And we did it just like that
When we want something,
We don't want to pay for it.


Huston has a gift for writing, no doubt. But ultimately, the book feels like a movie script for a wry, post-modern heist. Crystal clear visuals. Fast paced. Characters out of casting 101, even with their oh-so-clever quirkiness (Russians in track suits! Black guys wearing cowboy gear!) A protagonist trying to save his skin--and a cat--gets a pass for almost any behavior. Hell, I'd probably even watch that movie. But I missed Huston's subtle humor, his pokes at cultural mores, his vivid sense of place and character--everything I loved in the Joe Pitt books.

We walk right through the door
Walk right through the door
Hey, all right! If I get by, it's mine,
Mine, mine, mine, mine, mine, mine...


The best parts for me were the subway scenes, and Hank's clever use of New York culture. But honestly, the song is a lot more fun.

Three (stolen) stars, not four, because I have a decent anti-theft system.

In parting, a couple of quotes with trademark Hudson humor:

"There's one beer left and it keeps staring at me. I get tired of trying not to stare back so I put it in the john where I won't see it or hear it."

"They cram into the elevator, making cracks in French about drunk Americans. Fucking French classes. I wish I'd taken Spanish."

Cross posted at http://clsiewert.wordpress.com/2013/04/04/caught-stealing-hank-thompson-1-by-charlie-huston-or-transformation-to-a-seriel-killer/

adiamond's review

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4.0

Awesome read! If you like Jim Thompson, check this guy out. This is the definition of a thriller.

alanfederman's review

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3.0

First book I've read on my iPhone. It makes the subway ride go quickly and it wasn't a bad noir-ish mystery. It's the first of a trilogy and I'll definately read the next 2.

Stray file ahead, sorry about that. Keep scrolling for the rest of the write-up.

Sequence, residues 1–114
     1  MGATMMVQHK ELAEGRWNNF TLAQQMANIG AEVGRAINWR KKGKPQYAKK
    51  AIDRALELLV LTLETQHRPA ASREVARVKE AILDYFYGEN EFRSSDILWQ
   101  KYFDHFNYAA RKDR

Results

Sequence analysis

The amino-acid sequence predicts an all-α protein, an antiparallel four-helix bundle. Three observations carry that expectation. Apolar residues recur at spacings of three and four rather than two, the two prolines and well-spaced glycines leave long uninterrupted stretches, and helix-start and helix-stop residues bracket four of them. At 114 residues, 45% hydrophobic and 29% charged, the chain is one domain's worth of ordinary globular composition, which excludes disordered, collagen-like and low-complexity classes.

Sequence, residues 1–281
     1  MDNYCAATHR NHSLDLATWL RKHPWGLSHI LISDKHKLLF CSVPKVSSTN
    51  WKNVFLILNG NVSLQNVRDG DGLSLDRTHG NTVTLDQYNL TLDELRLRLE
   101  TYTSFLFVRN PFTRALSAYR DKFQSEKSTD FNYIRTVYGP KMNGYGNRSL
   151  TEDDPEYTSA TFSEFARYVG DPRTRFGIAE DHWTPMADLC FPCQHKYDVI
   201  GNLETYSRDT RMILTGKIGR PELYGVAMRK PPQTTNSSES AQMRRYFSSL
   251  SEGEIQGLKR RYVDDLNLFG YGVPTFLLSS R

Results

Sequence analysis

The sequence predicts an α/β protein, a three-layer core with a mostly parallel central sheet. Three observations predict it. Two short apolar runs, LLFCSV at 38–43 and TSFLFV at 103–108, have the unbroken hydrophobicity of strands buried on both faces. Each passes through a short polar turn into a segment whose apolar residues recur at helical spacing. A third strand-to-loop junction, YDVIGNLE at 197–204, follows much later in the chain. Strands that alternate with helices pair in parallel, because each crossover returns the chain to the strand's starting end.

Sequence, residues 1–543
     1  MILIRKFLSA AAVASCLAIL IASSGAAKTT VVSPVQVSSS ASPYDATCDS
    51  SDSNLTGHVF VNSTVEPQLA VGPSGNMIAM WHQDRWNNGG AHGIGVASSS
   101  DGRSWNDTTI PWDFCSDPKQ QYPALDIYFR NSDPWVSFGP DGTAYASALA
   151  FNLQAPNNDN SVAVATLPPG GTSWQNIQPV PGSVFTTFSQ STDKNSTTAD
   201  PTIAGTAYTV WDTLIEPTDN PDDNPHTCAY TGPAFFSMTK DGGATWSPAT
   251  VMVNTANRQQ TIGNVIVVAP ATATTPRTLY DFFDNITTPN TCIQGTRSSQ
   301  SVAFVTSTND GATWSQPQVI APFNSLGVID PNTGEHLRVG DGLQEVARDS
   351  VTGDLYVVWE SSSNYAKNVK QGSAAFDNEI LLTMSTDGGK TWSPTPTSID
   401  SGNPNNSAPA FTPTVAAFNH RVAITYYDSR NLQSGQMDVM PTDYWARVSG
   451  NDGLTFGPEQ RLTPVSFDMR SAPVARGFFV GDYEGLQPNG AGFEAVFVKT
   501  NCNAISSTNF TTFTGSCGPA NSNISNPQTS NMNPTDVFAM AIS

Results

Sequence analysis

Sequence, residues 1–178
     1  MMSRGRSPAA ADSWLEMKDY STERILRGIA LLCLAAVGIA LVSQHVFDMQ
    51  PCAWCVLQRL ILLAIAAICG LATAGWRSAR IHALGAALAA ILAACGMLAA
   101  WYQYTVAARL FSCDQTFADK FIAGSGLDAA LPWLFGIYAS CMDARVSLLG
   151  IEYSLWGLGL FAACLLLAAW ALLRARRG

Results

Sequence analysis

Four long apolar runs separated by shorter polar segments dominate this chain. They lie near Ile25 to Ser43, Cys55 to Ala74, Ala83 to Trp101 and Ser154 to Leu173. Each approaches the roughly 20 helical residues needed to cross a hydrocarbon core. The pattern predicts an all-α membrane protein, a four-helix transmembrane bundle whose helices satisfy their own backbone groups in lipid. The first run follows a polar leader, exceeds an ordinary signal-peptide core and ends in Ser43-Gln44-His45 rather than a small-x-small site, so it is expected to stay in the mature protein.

faysie34's review

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3.0

Hank is a bartender in New York City and a (mostly) high-functioning alcoholic. When his neighbor asks him to watch his cat while he goes out of town, things very quickly get very out of control. With a cast of misfit gangsters, Russian mobsters, and dirty cops all after him, Hank has to adapt to his new lifestyle of being on the run. This novel is fast-paced, well-written, and tells an incredible story. I couldn't put this one down.

ibeforem's review

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3.0

This is Charlie Huston’s debut novel, and I picked it up after seeing Mr. Cactus rave about Huston. I have sort of mixed feelings about this. It got better as it went along, and by the end I was quite engrossed, but I almost didn’t make it past the first 50 pages. What happens to Bud just made me nauseous. I can read about people being killed and/or tortured all the livelong day, but hurt the kitty cat and I’m debating whether to finish a book. Go figure.